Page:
In honor of the release of Star Trek Into Darkness, Spencer and Greg discuss Simon Pegg.
In honor of the release of Oz the Great and Powerful, Spencer and Greg discuss James Franco.
In honor of the release of The Hobbit: An Unexpected Journey, Spencer and Greg discuss Peter Jackson.
Another Top 5 segment from The MacGuffin. This time Allen and Ed share their top 5 rivalries.
When you have the word “superhero” in your film title and open in Seattle on the same day as The Avengers, you run the risk of people thinking your movie is about a comic hero. That couldn’t be further from the truth, though, with Death of a Superhero, from director Ian Fitzgibbon.
Now this is what I’m talking about. The beautiful thing about seeing Steven Spielberg’s The Adventures of Tintin (2011) is realizing all the shortcomings that made up his lackluster film Indiana Jones and the Kingdom of the Crystal Skull (2008). Sure, both films have similarities: both are over the top adventure films, both have absurd plots that stretch the limits of believability, and both see our heroes in the middle of thrilling action sequences. But the difference here is that Tintin has much more life, energy, and enthusiasm, while Crystal Skull felt like an uninspired attempt at recapturing the once-great magic of a franchise. While the characters of Herge’s comic book series have been around for quite some time, this feels as though it is something new, something to be discovered and perhaps inviting us to revisit those stories, told in a way that can only come from the partnership of Steven Spielberg and Peter Jackson.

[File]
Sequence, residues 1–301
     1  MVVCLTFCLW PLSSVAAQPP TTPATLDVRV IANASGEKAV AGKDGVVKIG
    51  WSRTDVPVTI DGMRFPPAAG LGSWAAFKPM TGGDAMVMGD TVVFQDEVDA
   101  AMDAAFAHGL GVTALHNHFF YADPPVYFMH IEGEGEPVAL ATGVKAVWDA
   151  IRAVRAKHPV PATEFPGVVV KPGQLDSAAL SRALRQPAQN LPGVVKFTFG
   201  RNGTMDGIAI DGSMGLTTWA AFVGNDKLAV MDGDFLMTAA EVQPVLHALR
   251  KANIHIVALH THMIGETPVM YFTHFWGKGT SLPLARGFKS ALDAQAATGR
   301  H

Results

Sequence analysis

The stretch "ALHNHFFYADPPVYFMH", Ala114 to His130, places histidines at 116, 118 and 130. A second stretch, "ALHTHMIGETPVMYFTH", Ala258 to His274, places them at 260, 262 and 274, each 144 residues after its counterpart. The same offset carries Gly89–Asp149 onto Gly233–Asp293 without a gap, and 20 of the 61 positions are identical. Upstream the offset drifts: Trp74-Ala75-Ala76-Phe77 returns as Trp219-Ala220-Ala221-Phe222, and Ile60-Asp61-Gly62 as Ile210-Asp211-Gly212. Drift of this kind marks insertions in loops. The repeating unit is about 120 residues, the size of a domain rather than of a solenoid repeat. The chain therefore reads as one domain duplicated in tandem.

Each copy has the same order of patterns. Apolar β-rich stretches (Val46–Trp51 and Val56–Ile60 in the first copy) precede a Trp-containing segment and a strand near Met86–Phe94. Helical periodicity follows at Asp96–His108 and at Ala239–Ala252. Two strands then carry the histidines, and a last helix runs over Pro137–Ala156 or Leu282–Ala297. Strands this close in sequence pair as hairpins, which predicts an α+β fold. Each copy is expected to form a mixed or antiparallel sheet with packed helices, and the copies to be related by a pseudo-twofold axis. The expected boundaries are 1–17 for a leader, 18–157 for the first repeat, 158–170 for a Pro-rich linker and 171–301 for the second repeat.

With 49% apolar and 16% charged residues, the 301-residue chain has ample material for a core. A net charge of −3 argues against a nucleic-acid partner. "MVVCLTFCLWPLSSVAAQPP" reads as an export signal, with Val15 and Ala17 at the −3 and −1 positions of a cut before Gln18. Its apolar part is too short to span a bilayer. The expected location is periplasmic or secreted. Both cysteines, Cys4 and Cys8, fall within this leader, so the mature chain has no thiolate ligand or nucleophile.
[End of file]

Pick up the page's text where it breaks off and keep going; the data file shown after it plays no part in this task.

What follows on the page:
Aardman Animation proves themselves once again in the delightful new holiday animated movie Arthur Christmas. Aardman is the production company behind both Chicken Run and the delightful Wallace and Gromit series of shorts. While there was some trepidation that their expertise in stop motion animation might not carry over into the medium of high budget computer animation, those fears are long left behind now. Arthur Christmas is a delight.
Every Saturday night The Tomb of Terror opens, unleashing reviews of the obscure and the classic in horror cinema.
At one time, John Landis was on one of the best rolls of any comedy director. Following the cult success of Kentucky Fried Movie in 1977, he made the comedy classics National Lampoon’s Animal House, The Blues Brothers, Trading Places, and my vote for best horror film of all time, An American Werewolf in London. Then Twilight Zone: The Movie happened. We’ve all heard the story. Vic Morrow and two illegally-hired child actors were killed when a special effect went bad and caused a helicopter to fall from the sky. Even though Landis was acquitted of all charges related to the incident, it has haunted him his entire career since. He still managed a couple of hits after this incident, including the iconic music video for Michael Jackson’s “Thriller” and the Eddie Murphy vehicle Coming to America. Unfortunately, his 90s output mainly consisted of failure (Beverly Hills Cop III) after failure (The Stupids) after failure (Blues Brothers 2000). Burke and Hare, which is playing as part of the 2011 Seattle International Film Festival, is his first narrative feature in twelve years and is also his best in nearly twenty.